(This article first appeared on Forbes.com here.)
“Never heard back on that.” “They never took serious action on my recommendation.” “Sure would like to have a seat at the table when that discussion comes up next time!” All of these are common laments from those who’ve had their day in front of C-suite decision makers—and for some reason left defeated and ultimately disappointed.
After more than three decades of listening to executives critique briefers, I have a long list of do’s and don’ts for coaching clients as they head into the C-suite—either at their own organization or at a client site. Either their internal recommendation goes into a big black hole never to surface again, or their sales presentation failed to make the cut.
So whether you’re making a formal presentation or simply engaged in conversation, what does it take to gain buy-in at the executive level? Seven tips here:
Salespeople tend to focus on revenue because that’s typically what generates their commissions and bonuses. Marketing teams and operational support folks focus on growth because that’s easy to measure. But C-suite leaders concern themselves with expenses as well as revenue and growth. That ratio translates to overall profitability—or not.
In fact, increased revenue and growth—with no control on related expenses—can drive an organization into bankruptcy! So if you want to speak the language of executives, talk about profit margins.
Some professionals are so steeped in their functional roles and jargon that they expect the facts to speak for themselves. They rarely do. The savvy communicator adds the “so what” to the conversation. For example: “We’ve had a reject rate of less than 2 percent on this latest model rolling off the assembly line so what that means is we should be able to shave more than $800K off our projected budget for rework.”
Turn topics into takeaways. Cut the verbiage. Simplify the graphs. Executives have many decisions, problems, and projects in their pipeline. They don’t have time to decipher the meaning of a slide deck of charts and graphs with a heavy load of data. So title the slide with the key takeaway, not just the vague topic: What point are you making with the slide?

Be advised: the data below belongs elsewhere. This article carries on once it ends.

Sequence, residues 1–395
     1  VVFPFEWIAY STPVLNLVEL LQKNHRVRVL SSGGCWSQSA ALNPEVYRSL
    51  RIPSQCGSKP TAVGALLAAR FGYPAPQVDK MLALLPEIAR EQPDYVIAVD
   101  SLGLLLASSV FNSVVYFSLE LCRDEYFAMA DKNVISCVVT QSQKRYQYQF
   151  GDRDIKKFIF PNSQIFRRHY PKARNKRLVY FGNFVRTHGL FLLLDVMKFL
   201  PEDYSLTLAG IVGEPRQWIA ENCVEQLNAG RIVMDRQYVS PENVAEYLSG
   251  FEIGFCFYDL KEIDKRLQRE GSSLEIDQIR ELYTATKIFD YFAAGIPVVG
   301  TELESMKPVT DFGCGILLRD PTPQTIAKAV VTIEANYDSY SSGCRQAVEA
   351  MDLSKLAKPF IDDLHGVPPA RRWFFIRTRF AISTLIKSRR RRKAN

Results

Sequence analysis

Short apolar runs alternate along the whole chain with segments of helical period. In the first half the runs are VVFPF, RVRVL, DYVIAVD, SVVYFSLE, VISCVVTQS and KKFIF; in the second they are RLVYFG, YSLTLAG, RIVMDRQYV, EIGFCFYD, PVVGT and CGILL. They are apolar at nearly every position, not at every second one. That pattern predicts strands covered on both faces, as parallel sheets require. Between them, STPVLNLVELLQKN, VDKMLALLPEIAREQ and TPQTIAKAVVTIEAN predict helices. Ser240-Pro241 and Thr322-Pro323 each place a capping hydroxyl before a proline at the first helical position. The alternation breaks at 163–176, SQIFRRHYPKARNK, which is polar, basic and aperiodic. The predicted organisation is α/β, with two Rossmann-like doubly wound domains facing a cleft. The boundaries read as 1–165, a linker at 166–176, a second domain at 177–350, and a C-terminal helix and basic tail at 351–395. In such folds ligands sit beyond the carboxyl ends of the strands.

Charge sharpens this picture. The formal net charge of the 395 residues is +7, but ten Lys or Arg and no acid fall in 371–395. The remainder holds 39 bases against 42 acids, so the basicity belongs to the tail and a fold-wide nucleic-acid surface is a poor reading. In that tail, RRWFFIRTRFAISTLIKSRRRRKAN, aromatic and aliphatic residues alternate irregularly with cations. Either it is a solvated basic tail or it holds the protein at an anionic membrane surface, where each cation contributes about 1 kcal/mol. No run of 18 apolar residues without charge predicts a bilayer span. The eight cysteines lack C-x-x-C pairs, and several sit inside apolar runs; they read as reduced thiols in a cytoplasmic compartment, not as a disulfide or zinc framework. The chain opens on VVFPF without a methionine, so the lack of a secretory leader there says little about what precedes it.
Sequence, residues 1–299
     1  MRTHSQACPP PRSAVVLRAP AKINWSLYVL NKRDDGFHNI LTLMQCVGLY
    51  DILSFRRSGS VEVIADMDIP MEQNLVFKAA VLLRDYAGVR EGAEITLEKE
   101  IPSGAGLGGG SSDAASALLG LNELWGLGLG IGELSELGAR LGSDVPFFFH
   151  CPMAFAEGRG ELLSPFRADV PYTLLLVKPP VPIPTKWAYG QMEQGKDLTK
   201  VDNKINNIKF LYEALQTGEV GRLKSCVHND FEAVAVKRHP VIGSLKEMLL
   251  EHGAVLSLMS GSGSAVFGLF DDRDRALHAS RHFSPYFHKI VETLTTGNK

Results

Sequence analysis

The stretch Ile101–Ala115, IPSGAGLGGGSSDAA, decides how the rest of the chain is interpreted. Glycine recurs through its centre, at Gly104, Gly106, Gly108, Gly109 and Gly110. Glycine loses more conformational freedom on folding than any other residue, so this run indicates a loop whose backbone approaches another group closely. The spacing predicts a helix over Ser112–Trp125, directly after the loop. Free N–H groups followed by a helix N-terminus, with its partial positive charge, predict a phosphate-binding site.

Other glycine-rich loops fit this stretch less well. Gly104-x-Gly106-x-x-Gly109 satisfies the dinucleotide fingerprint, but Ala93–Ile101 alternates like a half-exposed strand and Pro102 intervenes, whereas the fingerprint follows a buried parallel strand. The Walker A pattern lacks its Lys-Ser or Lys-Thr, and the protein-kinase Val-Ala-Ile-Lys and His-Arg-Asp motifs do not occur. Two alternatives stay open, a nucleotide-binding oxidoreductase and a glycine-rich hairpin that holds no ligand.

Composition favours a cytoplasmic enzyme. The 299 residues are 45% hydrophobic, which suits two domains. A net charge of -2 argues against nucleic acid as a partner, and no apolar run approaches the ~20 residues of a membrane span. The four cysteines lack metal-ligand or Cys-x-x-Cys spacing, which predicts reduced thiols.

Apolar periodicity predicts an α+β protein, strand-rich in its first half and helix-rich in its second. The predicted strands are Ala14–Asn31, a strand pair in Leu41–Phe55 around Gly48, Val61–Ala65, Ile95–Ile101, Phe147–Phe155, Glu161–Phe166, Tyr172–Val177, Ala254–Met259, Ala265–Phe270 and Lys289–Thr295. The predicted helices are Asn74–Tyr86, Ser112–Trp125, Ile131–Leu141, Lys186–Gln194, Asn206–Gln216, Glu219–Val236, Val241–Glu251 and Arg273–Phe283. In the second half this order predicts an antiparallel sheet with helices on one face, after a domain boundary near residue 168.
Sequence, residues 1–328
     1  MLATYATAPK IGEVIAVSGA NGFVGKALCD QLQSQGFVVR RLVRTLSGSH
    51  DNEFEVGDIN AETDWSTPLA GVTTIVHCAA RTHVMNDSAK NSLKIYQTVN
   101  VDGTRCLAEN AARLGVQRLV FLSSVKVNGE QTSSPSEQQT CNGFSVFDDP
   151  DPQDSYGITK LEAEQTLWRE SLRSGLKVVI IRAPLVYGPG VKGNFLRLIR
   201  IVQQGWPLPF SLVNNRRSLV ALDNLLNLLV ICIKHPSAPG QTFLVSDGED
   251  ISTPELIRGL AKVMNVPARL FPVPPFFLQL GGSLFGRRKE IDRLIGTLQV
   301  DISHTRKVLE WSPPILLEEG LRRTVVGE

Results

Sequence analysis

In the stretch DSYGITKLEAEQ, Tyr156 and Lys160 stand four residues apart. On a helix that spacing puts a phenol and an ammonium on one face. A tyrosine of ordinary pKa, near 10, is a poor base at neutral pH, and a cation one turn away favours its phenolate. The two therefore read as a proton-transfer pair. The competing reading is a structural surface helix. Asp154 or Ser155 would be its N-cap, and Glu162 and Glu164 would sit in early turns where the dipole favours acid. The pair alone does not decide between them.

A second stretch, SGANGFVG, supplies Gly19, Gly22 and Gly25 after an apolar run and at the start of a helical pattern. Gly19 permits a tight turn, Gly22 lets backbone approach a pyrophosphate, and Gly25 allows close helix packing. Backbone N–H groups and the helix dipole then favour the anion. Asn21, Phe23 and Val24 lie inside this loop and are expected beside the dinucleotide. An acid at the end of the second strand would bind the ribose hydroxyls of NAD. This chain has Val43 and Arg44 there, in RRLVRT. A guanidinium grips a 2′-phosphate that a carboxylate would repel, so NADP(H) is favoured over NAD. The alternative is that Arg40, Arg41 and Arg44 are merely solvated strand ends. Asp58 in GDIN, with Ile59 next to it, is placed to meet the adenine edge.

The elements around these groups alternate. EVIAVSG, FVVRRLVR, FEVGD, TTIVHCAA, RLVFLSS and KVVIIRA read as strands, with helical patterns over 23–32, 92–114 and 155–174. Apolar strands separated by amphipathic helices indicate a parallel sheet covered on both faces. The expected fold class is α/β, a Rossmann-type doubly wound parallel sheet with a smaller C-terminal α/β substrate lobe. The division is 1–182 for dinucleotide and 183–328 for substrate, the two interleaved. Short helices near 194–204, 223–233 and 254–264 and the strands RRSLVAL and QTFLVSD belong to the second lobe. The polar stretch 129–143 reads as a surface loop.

Likewise with graphics: Don’t dump all the possible data you can display onto one slide. It’s far better to prepare three slides to make your three key points than to make one complex slide that requires three minutes for your executive to digest.
Even generals try not to fight on all fronts at once. If you have crises on all fronts of the organization, be selective about timing so that you have the executive’s full attention for your message.
Executives like to know there are metrics to support what you say or recommend—they just don’t always want to hear them. Taking your C-level officers through all the evidence can try their patience. They’re expecting you to do your job and draw conclusions that spring from that research.
Always have support for your recommendation, but never expect data alone to make your case.
Add the human dimension. Given your data, your research, your interviews, and your expertise on the subject, what’s the impact? What’s the story you’re telling? Tell the C-suite officer how this change, this policy, the budget increase, this move, or this marketing campaign will affect people—employees, customers, the general public. What’s the long-term effect or potential opportunity? Give them a visual picture.
Never walk away from the conversation or briefing without suggestions for next actions. It’s typically a good idea to provide these next steps on a leave-behind so the C-suite executive can delegate the action after the “go” decision.
With these seven steps to gain buy-in, you’ll dramatically increase your chances that your next briefing or conversation with C-suite decision makers gets attention—the right kind.
For 20 specific characteristics, habits, or traits that help you increase your credibility and confidence in the C-suite, download Dianna’s Executive Presence Checklist, excerpted from her book Creating Personal Presence.